This is indicated by support for Jaysh al-Islam in recent years. This group appeals as it has historically excluded ‘al-Qaida affiliates such as the Islamic State in Iraq and al-Sham and Jabhat al-Nusra, but embraces more non-jihadi Islamist and Salafi units.’ (Black, 2013) Saudi Arabian financiers calculate that funding certain Salafi groups is a prudent move even if such groups are not wanted partners in the long term.

Saudi choices are, therefore, marred with inherent obstacles that are underlined when we consider the interrelations between distinct Salafi groups. First, there are Salafi ‘quietists’, who abstain from political engagement or violence. Second, Salafi ‘revolutionaries’, who differ from Salafi ‘jihadists’, the third group, by rejecting a perceived-elitist approach to jihad: ‘This model aims to use the power of mass mobilization to fight a long battle of attrition against the West and local leaders. Jihadists no longer would fight the battle on behalf of the Muslims masses, as they do today, but rather with them.’ (Awad, 2016) The inherent challenge facing Saudi Arabia remains the fluidity with which individuals can identify with these strands of Salafism. As McCants argues, ‘“Quietists,”, activists, jihadists, and other Salafis are all composed of the same theological DNA’, and thus, ‘…it is therefore not a big conceptual leap to go from quietism to jihadism.’ (McCants & Olidort, 2015) In summary, the malleability of these distinctions undermines Saudi Arabia’s ability to isolate preferred Salafi groups over others.

An alternative for Saudi Arabia remains promoting a ‘free market of ideas’ within Sunni Islam. This could allow avenues for non Salafi groups, thus counteracting the legitimacy threat that Salafi-jihadist groups like the Islamic State present to the Kingdom. Such a strategy provides an alternative to the dilemma between facing the Shi’ite threat presented by Iranian-backed Assad in Syria, and supporting groups which, ultimately, may provide a Sunni challenge to the religious foundations of the Saudi state.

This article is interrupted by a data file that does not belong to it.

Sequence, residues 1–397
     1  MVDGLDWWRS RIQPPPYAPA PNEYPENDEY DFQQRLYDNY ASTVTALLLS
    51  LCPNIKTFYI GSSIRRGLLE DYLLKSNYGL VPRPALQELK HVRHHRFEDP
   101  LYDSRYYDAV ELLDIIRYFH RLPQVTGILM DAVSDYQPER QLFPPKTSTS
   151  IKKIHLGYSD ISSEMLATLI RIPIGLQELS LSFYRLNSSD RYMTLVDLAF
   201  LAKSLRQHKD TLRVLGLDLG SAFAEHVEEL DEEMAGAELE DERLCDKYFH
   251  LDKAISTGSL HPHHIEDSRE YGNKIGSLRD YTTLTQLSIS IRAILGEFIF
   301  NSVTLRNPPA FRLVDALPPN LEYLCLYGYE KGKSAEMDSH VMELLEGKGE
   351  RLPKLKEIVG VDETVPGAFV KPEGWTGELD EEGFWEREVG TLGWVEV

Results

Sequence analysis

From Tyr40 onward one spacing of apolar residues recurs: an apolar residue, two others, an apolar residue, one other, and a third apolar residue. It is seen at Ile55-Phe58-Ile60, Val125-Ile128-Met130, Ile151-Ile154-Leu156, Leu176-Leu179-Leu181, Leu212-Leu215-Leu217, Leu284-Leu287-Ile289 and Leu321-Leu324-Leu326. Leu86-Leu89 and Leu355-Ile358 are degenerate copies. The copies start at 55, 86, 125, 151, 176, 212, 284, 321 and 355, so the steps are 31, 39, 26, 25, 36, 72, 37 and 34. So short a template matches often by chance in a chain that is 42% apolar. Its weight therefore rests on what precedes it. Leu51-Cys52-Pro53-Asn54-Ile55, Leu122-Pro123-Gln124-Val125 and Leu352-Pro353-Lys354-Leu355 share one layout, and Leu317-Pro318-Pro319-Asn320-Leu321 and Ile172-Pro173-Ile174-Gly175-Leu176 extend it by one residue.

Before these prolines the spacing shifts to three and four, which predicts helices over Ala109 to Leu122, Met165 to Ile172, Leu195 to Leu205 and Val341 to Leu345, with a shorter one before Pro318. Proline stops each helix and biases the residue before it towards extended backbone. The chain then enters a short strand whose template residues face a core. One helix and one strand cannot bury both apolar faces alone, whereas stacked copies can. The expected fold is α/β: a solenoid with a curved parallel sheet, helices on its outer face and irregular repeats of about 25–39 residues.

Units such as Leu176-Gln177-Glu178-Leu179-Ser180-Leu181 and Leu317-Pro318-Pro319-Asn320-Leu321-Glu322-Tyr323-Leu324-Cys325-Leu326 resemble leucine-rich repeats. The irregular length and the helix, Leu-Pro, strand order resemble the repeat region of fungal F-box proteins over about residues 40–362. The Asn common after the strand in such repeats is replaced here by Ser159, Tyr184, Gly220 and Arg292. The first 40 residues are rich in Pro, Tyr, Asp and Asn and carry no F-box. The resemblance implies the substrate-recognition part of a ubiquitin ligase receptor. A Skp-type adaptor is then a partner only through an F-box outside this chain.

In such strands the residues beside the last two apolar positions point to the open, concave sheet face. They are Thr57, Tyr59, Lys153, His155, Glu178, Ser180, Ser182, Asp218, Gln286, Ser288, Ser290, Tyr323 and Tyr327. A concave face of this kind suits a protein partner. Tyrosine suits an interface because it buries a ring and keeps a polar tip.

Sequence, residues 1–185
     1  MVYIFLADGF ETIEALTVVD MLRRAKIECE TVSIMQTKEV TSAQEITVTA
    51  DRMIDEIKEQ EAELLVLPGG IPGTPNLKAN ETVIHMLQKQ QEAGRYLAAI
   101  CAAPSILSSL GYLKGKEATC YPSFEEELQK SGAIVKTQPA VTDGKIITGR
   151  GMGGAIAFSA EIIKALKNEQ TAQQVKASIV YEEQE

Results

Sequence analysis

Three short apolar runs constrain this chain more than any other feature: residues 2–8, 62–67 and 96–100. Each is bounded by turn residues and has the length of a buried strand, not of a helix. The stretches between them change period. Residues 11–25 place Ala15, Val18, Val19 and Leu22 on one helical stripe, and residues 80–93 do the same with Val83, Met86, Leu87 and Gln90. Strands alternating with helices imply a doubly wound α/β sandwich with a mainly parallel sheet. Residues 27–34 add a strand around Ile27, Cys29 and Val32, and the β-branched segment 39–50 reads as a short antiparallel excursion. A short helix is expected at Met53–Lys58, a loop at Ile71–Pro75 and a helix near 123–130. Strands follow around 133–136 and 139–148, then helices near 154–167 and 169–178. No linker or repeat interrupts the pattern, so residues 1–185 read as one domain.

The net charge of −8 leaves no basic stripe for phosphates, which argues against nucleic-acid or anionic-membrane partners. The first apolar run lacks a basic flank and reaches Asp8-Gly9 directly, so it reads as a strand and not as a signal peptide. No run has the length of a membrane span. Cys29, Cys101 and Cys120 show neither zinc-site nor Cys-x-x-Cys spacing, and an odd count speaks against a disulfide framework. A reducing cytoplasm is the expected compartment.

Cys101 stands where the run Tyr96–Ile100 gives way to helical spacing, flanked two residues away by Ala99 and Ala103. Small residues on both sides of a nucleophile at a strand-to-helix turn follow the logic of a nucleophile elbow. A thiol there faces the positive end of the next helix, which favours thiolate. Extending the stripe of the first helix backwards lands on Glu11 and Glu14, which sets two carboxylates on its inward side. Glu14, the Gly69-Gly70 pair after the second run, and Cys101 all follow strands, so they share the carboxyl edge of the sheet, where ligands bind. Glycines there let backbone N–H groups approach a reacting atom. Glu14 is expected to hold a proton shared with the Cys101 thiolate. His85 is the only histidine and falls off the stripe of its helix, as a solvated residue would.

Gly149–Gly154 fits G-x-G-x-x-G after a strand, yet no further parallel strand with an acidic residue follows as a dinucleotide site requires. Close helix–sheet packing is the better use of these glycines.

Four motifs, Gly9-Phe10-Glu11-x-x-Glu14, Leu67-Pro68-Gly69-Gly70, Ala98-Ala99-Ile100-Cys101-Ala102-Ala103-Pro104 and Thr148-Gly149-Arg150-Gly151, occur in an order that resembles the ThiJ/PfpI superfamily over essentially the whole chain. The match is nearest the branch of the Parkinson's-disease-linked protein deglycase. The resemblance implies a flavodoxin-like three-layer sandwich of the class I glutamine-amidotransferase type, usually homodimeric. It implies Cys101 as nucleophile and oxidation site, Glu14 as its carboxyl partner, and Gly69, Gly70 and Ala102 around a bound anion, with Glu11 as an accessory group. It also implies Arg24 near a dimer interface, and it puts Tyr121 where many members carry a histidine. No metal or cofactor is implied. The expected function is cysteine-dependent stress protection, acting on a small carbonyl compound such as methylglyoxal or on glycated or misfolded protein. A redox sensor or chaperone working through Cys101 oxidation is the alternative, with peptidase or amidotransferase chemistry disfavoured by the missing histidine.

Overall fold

Understanding the mechanics of terrorism-funding allows us to understand groups’ potential for violence and mitigate the threat early. To underline the importance of this issue, consider that al-Qaeda’s estimated expense for 9/11 has been calculated at a mere $400,000-$500,000. (Carlstrom, 2011) When facing this threat, it remains vital to consider the ideological motivations that manifest in the support for terrorist groups.


1. Financial Action Task Force (2010): Mutual Evaluation Report. Anti-Money Laundering and Combating the Financing of Terrorism: Kingdom of Saudi Arabia. FATF [Online].
Available at:

2. Weinberg, D. (2015): King Salman’s Shady History. Foreign Policy Magazine [Online]. Available at:

3. Malik, A. (2002): Saudi Tycoon Defends Muslim Charity. The Intelligencer [Online]. Available at:

4. Boghardt, L. P. (2014): Saudi Funding of ISIS. The Washington Institute [Online]. Available at:

5. European Parliament. Directorate-General for External Policies. (2013): The Involvement of Salafism/Wahhabism in the Support and Supply of Arms to Rebel Groups Around the World. European Parliament [Online]. Available at:

6. Ellison, D. (2016): FPI Bulletin: Saudi Arabia and the Syrian Civil War. Foreign Policy Initiative [Online]. Available at:

7. Black, I. (2013): Syria Crisis: Saudi Arabia to Spend Millions to Train New Rebel Force. The Guardian [Online]. Available at:

8. Awad, M. (2016): Revolutionary Salafism: The Case of Ahrar Movement. Hudson Institute [Online]. Available at:

9. McCants, W. & Olidort, J. (2015): Is Quietist Salafism the Antidote to ISIS? Brookings Institute [Online]. Available at:

10. Carlstrom, G. (2011): Interactive: How Much Did 9/11 Cost the US? Al Jazeera [Online]. Available at: